Amber Communicates – Just Listen
Introduction Communication occurs in many different ways and includes: the use of spoken language, gestures, eye contact, facial expressions, body movements, patterns of behavior, manual signs, vocalization, in writing or typing, pointing to items and pictures, and natural, synthesized, or digitized speech.
ODP supports the right of all persons with communication challenges to receive needed supports and services so that they can effectively and more fully communicate.
The Office of Developmental Programs (ODP) is proud to share the story, “Amber Communicates – Just Listen”. Amber’s story focuses on the communication journey taken by Amber and those who love her. As you’ll experience in the story, communication is an essential part of an “Everyday Life”. Effective communication is the key to leading self-determined lives, being part of communities, being healthy and safe, and having healthy relationships.
Amber’s story illustrates the importance of communication. Here is Amber Communicates – Just Listen.
Amber doesn’t say much, at least in strings of words that most people would understand. “She likes to think she is speaking in sentences, but,” says her mom, Debbie, “we have to use alternate modes of communication and she is quite cooperative.”
Amber is 24 years old. She was born three months prematurely following her mother’s difficult pregnancy. The infant spent four months in the neonatal center and her weight dipped as low as one pound. “I could hold her in the palm of my hand.” Amber survived seizures, brain bleeds, heart problems, and there were several episodes where medical personnel “bagged” Amber to restore her breathing.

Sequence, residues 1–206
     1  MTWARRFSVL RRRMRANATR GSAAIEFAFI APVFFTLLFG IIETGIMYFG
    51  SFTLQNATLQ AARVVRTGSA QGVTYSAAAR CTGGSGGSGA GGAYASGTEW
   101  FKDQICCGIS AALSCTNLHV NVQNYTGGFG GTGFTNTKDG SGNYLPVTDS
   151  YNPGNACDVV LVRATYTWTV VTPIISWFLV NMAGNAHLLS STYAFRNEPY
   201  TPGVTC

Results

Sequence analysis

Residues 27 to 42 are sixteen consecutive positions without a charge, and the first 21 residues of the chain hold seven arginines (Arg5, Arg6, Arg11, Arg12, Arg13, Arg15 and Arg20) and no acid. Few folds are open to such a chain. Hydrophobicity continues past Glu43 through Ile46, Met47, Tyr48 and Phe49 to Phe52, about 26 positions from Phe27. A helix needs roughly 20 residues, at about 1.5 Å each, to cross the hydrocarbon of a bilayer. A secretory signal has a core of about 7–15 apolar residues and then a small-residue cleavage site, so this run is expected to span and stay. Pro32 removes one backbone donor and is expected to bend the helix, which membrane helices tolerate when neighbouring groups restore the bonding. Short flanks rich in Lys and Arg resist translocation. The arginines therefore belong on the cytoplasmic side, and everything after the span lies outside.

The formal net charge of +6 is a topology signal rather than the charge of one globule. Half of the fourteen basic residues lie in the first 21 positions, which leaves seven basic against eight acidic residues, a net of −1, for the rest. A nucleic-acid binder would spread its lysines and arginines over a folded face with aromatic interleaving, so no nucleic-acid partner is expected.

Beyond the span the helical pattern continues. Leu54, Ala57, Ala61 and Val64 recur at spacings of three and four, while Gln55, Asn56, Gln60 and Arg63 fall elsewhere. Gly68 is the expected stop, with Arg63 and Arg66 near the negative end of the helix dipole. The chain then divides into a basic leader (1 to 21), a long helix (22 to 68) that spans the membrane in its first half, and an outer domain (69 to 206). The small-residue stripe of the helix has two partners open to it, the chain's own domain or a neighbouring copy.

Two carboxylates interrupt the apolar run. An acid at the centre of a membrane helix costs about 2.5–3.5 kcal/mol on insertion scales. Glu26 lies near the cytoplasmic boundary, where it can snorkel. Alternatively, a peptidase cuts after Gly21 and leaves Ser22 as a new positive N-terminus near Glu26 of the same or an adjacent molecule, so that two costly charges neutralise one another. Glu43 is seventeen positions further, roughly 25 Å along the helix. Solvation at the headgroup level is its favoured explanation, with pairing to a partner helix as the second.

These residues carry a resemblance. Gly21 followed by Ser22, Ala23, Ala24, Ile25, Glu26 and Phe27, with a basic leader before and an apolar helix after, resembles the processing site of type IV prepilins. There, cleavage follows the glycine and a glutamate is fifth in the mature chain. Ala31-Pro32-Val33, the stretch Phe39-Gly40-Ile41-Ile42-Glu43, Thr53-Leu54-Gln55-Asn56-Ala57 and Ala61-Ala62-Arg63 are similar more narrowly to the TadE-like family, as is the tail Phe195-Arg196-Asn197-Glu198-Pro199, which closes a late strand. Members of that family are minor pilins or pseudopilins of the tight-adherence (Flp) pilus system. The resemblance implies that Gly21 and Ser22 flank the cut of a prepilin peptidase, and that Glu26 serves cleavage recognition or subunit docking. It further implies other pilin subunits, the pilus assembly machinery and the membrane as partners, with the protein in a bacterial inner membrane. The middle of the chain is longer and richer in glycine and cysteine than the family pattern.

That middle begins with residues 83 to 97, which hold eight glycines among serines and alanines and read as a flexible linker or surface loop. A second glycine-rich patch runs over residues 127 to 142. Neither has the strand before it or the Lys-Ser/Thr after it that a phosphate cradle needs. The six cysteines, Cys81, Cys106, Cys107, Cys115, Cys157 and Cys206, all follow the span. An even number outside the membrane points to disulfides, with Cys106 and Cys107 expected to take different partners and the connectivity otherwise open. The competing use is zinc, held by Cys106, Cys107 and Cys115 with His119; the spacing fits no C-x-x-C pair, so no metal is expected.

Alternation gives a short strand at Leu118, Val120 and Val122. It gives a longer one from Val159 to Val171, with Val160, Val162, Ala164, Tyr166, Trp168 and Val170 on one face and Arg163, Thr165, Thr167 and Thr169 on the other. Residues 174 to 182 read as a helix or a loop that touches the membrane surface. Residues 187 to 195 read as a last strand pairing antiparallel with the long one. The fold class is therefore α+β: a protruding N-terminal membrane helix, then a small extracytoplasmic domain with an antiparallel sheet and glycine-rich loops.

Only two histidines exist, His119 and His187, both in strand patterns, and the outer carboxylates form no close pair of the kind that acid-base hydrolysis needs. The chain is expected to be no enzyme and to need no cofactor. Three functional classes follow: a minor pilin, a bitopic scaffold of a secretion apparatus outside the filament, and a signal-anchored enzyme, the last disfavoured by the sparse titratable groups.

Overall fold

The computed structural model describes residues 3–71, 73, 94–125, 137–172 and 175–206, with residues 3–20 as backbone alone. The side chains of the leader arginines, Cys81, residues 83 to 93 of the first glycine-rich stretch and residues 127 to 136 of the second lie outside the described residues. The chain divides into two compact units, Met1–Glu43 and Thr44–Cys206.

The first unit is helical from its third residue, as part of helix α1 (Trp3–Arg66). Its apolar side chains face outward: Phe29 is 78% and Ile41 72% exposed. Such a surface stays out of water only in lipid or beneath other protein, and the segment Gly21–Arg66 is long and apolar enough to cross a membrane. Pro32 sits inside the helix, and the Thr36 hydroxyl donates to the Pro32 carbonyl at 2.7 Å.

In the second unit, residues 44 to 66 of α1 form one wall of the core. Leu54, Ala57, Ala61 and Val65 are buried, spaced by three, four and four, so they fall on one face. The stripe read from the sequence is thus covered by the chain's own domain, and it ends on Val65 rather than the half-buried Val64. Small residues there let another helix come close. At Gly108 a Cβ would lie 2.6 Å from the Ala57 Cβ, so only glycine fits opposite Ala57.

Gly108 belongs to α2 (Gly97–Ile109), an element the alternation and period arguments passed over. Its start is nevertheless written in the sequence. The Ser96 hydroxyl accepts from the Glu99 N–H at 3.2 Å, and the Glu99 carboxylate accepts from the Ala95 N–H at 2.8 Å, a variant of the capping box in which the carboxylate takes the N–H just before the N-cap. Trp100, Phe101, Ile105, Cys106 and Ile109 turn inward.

Debbie visited her baby every day at the hospital. She talked to Amber, read to her, and played classical music for her. Every Tuesday, Amber underwent scans which revealed ever-more injuries to her brain. Debbie began to think of brain scan days as, “dreaded Tuesdays.” When Amber’s parents were allowed to take her home, she was four months old and diagnosed with cerebral palsy. Her parents were told that it was likely that Amber would never walk independently. “That’s all I was told, which was probably good.”
“I started reading books on the brain. A baby’s brain is like a sponge. Even when it is injured, it can take in information and language. I began a quest of beating cerebral palsy. I became obsessed. I was determined that Amber was going to walk, feed herself, and talk. I learned everything I could from books and magazines. I would have been really dangerous if the Internet was available then!”
“I did her therapies, and learned to use adaptive equipment. I tried to stimulate crawling – moving Amber’s arms and legs to mimic the motion. I tried to teach her to feed herself.”
Eventually, Debbie realized Amber would never have the coordination to crawl. Over the years, she came to understand that, “Amber knows what needs to be done, but the harder she tries to do something independently, the harder it becomes because of the spasticity.”
Instead, she decided, “We are going to adapt, adapt, adapt her world. Amber will do it her way. Her success will be doing it hand over hand.” (With another’s hand assisting Amber’s hand) “I think in some ways, Amber was relieved. She is very happy, and has a wonderful attitude.”
Amber may have accepted her complete physical dependency before her mother did. Because of her tiny size while in preschool, the other children treated Amber like a living doll. “She learned that when the kids helped her, it made life easier.”